(On 16 September, the government announced the final details of its Ultra-fast Broadband Initiative, a $NZ1.5 billion government investment in FTTH infrastructure; and on 29 September 2009, it released its coverage and funding plan for rural telecommunications).
According to the discussion paper, "The MED's [Ministry of Economic Development] preliminary view is that, at this stage, the risks of ineffective land access rights are not to be found so much in the precise drafting of legislative rights, as in the practical ability of companies to enforce these rights. In this context, MED's preliminary view is that, for both private and public land, non-legislative measures could be more effective and appropriate."
For private land, it says these measures "might include workshops designed to make landowners aware of the benefits to them and the community from a successful rollout of fibre-to-the-home, and the preparation of a voluntary code to guide the manner in which LFCs [Local Fibre Companies] exercise their rights under Section 120 of the Telecommunications Act."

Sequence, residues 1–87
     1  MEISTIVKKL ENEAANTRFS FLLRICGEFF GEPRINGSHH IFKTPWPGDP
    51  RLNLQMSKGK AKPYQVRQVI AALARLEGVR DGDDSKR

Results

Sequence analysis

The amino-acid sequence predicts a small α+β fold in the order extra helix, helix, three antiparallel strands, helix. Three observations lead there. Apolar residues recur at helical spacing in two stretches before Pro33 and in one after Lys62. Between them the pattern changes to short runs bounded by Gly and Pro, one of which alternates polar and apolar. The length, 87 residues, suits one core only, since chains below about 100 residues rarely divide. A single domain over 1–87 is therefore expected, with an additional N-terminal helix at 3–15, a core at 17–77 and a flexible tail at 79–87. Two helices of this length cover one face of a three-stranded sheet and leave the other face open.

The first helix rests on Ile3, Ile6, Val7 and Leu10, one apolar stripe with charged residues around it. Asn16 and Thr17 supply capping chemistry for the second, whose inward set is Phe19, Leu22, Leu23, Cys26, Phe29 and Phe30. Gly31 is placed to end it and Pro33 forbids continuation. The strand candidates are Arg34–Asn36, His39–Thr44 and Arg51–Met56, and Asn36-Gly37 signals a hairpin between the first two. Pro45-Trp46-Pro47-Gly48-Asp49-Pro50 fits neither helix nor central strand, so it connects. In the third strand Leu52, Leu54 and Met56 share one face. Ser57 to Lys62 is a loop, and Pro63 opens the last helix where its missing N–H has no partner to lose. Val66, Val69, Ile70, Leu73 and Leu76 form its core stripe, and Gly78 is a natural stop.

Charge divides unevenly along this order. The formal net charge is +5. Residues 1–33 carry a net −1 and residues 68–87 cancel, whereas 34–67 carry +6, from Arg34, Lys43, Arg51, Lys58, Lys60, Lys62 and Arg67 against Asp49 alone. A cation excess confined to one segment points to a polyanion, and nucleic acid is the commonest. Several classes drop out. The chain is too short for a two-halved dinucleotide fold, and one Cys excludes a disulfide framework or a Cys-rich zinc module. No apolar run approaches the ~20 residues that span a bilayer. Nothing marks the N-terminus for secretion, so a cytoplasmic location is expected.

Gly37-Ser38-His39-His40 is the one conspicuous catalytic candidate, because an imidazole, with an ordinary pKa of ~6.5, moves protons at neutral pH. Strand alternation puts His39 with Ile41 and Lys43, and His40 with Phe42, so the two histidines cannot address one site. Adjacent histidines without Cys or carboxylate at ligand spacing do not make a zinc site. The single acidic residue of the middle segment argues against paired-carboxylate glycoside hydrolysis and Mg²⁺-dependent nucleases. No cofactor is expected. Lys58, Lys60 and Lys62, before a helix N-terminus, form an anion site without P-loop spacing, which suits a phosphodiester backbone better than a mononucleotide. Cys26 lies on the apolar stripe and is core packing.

For public land, MED's preliminary view is a whole of government direction as set out in section 107 of the Crown Entities Act may be the most appropriate approach. The MED also proposes that, as in Australia, the Government should require developers to lay fibre infrastructure to the home or premise in all greenfields developments.
The MED is seeking feedback on the merits, and the costs and benefits, of the proposed measures, and on the legislative and non-legislative vehicles proposed to implement them.
Specific measures canvassed include: MED engaging with telecommunications/electricity/gas companies and LFCs to explain the government's expectations in respect of the parties' behaviour; the government encouraging industry players to draft a code, along the lines of the National Code of Practice for Utilities Access to Transport Corridors (which concerns access to land rather than access to structures).
MED says also that it: "considers it appropriate that non-legislative measures be introduced to make it easier for LFCs and other telecommunications companies to obtain access to support structures controlled by Local Councils. This could involve, for example, the development of "best practice" guides similar to the Broadband Friendly Protocol, and the organisation of workshops around the country."
Submissions on the discussion paper are required by 6 November 2009. The MED is also hosting workshops around the country during October "to enable interested parties to better understand the issues addressed in the discussion document."
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